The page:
HTML5 APIs - Amazon Silk


Amazon Silk supports many of the HTML5 APIs. Though not intended to be comprehensive, the list below describes supported HTML5 APIs and notes any Amazon Silk-specific implementation details.

Animation Timing API

The Animation Timing API can be used to create script-based animations where the user agent is called upon to determine the appropriate frame update rate at runtime. This allows animations to run more smoothly and efficiently than they would with the setInterval or setTimeout methods, which schedule callbacks at specified intervals.

To learn more about the Animation Timing API, see the W3C specification Timing Control for Script-based Animations

Application Cache API

The Application Cache API, or AppCache, enables web applications to run offline. AppCache can also improve application performance, as cached resources load faster and reduce server load.

To learn more about the HTML5 Application Cache, see the following resources:

Cross-Origin Resource Sharing

The Cross-Origin Resource Sharing (CORS) specification defines a method for making HTTP requests that are not limited by the same-origin policy. The same-origin policy restricts scripts from one domain from interacting with resources from a different domain. But when CORS is implemented, a web client can fetch resources from an origin other than its own. In practice, CORS requests are usually made through the XMLHttpRequest API.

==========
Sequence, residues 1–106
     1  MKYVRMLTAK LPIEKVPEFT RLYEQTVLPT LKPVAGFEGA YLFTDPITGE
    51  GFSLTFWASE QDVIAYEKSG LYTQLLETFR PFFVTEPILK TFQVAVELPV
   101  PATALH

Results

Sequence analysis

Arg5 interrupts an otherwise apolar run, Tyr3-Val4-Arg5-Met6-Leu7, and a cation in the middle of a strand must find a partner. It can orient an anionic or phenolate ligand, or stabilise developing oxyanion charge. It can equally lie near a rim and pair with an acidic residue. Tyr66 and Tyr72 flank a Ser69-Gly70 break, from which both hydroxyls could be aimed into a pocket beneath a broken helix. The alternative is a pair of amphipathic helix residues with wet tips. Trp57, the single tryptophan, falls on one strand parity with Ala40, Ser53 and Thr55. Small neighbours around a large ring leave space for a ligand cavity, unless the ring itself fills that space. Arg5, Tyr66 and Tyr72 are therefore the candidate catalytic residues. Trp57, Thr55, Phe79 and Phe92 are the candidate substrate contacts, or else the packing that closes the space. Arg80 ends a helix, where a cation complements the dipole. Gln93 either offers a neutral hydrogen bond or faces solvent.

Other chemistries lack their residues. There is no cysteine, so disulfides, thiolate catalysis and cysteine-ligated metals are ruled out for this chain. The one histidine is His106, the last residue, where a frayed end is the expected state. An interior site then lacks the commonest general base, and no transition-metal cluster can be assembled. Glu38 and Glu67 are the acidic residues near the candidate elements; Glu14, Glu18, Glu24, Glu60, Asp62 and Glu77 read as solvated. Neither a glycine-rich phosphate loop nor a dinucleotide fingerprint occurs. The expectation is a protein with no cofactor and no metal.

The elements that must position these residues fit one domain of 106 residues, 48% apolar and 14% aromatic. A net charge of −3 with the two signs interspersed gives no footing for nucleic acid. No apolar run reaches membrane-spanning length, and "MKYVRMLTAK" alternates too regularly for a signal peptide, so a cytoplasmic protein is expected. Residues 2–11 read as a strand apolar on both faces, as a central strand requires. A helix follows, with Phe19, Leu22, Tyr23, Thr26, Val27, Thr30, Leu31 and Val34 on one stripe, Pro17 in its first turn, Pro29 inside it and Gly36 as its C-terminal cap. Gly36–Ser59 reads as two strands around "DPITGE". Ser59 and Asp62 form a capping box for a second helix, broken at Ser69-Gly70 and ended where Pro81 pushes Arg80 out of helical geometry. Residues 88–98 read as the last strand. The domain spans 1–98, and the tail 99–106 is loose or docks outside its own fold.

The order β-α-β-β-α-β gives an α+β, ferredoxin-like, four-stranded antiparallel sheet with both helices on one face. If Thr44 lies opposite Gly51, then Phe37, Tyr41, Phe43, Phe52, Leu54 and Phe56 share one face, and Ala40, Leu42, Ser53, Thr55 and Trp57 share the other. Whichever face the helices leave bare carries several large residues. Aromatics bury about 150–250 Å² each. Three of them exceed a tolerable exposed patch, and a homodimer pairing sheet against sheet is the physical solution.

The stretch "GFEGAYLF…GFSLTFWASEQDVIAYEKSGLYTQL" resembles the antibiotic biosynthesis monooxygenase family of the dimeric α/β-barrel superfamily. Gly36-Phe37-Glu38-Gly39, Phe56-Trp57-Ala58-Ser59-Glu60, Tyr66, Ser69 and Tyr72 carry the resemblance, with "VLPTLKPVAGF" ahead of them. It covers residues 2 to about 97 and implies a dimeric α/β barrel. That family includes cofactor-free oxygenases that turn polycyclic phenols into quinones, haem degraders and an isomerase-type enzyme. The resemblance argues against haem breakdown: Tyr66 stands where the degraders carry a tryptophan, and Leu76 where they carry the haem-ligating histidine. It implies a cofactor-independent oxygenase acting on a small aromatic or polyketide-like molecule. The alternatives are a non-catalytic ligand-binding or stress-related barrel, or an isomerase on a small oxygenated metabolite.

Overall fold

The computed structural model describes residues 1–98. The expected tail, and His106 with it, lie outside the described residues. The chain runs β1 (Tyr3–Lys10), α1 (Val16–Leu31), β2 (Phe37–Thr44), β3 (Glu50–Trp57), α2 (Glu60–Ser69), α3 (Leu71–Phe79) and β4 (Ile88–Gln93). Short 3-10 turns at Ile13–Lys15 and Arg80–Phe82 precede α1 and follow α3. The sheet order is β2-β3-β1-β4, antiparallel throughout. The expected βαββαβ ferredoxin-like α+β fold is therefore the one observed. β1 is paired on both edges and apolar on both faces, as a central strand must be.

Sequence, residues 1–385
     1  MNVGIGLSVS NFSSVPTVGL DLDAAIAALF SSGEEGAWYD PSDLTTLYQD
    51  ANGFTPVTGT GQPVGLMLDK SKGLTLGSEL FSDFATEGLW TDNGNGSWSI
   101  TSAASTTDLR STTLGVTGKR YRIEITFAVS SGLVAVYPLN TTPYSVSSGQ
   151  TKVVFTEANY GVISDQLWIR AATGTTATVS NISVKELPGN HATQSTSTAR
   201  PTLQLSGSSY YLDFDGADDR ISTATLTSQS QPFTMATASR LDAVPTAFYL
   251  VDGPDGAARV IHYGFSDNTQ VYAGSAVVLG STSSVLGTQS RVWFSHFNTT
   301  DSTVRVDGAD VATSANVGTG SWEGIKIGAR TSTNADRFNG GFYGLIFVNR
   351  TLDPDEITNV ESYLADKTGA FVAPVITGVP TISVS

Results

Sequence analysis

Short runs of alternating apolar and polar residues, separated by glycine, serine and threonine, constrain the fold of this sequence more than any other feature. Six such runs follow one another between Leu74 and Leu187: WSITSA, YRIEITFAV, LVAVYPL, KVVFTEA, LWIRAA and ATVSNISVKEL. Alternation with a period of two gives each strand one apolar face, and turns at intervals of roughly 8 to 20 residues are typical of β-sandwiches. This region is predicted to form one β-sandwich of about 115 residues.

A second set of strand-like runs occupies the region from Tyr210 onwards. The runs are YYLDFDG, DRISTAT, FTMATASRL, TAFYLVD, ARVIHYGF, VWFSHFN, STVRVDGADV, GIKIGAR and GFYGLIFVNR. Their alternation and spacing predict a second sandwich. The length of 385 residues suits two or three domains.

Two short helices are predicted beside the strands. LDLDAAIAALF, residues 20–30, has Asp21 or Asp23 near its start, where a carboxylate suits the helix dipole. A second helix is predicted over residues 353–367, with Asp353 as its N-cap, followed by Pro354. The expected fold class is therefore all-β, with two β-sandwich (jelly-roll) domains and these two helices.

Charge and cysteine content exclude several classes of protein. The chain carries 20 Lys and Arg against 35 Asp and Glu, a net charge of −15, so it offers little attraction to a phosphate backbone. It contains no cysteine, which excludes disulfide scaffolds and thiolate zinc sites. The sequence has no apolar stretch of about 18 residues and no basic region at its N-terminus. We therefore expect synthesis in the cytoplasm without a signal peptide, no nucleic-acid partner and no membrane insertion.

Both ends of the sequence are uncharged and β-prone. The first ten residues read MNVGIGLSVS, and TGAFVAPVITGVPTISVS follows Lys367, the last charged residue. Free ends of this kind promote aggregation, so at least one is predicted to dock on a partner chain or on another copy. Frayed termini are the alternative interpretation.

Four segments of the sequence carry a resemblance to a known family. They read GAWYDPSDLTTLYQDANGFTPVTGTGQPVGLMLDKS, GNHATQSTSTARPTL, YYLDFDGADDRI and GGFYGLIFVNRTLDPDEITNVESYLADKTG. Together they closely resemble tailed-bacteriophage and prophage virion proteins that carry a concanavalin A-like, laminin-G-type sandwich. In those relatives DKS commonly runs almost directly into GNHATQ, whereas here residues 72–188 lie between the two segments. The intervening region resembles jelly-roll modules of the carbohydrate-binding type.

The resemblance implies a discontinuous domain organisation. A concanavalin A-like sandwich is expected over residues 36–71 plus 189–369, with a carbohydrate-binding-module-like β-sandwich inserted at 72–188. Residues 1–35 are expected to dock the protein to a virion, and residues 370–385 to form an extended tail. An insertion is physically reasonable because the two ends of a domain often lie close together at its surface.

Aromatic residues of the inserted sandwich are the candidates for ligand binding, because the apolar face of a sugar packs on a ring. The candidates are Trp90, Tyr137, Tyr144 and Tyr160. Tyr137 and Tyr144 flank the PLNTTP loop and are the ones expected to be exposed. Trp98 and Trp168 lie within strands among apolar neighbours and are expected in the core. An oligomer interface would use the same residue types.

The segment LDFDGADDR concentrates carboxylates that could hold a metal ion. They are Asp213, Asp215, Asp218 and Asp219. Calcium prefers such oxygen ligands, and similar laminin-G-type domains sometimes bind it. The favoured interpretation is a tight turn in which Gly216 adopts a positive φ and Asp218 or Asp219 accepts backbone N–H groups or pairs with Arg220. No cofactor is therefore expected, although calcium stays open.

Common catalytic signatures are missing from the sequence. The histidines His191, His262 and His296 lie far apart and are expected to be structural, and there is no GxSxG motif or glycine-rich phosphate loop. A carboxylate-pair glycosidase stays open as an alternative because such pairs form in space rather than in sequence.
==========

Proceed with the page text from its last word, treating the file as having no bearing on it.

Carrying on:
Browsers handle the client-side implementation of CORS. This means that you can use XMLHttpRequest to make cross-origin requests, and Amazon Silk will take care of the HTTP request header and any necessary preflight requests (requests for authorization from cross-origin servers).

To learn more about CORS, see the following resources:

File API

The File API provides a secure, standardized way for web applications to interact with local files. Using the File API, a web application can represent file objects, programmatically select them, and parse file data.

For more information, see the W3C File API specification.

File System API

Using the File System API, a web application can create and interact with files in a sandboxed virtual file system on the client. The File System API gives web applications a way to store files, including large binary blobs, locally without using a database.

For more information, see the following resources:

Geolocation API

The Geolocation API provides an interface to a device's location information, returned as coordinates of latitude and longitude. The first time an app or website tries to access device location with the Geolocation API, the browser has to obtain user permission. All browsers that support the Geolocation API must respect this requirement, although the implementation varies. Amazon Silk prompts the user with a dialog requesting permission.

In the Settings menu, Silk users can disable location access for an individual website or for all websites.

As a developer, you can use the Geolocation API to get an initial position for a device and to watch for changes of position.

To learn more about the Geolocation API, see the following resources:

Indexed Database API